Zygon: Journal of Religion & Science

James B. Ashbrook: Pioneer in Neurotheology

David Glover

James B. Ashbrook led the way in the study of neurotheology. Having studied neuroscience and theology he took what he learned from his study of neurology and moved beyond and through the science to theology by way of analogy. His groundbreaking studies correlated the structure of the brain to our understanding of God. “Just as the mind reveals the human meaning of the brain, so God discloses the religious meaning of the mind.” (The Human Mind and the Mind of God [1984], xviii) The brain’s left/right duality and its cortical-limbic system interplay informed his theology. Mind-states that he categorized as naming, analyzing, immersed, and imaginative informed his understanding of how God speaks, acts, creates, and re-creates.

In his thought, Ashbrook was at the forefront of the study of how neuropsychology contributes to humanity’s self-understanding of God. He explored the mind-brain and how it transmits knowledge through both genetic and cultural mechanisms as well as the process of how the mind-brain creates meaning from these patterns of knowledge. He wrote extensively on the topic; several of his articles where published in Zygon (highlighting his work in its September 1996 and March 1999 issues) as well as publishing two reviews of his longer works.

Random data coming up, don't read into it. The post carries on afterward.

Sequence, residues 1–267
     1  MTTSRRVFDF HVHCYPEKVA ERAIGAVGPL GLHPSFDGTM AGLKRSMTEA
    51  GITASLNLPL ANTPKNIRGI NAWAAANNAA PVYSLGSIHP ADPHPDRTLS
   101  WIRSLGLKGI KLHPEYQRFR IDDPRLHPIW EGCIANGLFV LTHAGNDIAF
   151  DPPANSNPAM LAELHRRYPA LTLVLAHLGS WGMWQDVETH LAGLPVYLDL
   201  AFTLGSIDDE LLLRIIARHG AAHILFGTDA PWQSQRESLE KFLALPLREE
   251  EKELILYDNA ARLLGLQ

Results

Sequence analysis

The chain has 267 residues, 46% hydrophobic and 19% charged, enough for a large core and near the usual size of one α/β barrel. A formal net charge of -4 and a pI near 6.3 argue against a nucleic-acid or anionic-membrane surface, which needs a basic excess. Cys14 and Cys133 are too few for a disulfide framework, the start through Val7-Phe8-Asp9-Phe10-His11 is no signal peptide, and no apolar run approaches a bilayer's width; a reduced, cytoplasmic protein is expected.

Through his work Dr. Ashbrook came to understand that in one sense what matters most to humanity is the human mind-brain. Our minds create and use the symbolic thoughts and speech by which we live—exploring, categorizing, and manipulating the physical and cultural environment in which we find ourselves. It is because of our mind-brains that we know of, and can begin to understand, the vast universe around us. Through the processes of our mind-brain we are aware of the world—and aware of our own awareness of the world. As such, the human mind-brain is truly an important part of being human.

But Dr. Ashbrook did not see the mind-brain as being the only thing that mattered most to humanity. In another sense what matters most to humanity is the source of the environment, that which we did not create, in which we finds ourselves. This source of the universe matters most, for it is the ground of our being—that to which we must respond. It is this to which we must respond because it is the source of all that we did not create. For Dr. Ashbrook this source of all, this ground of being, is called “God.”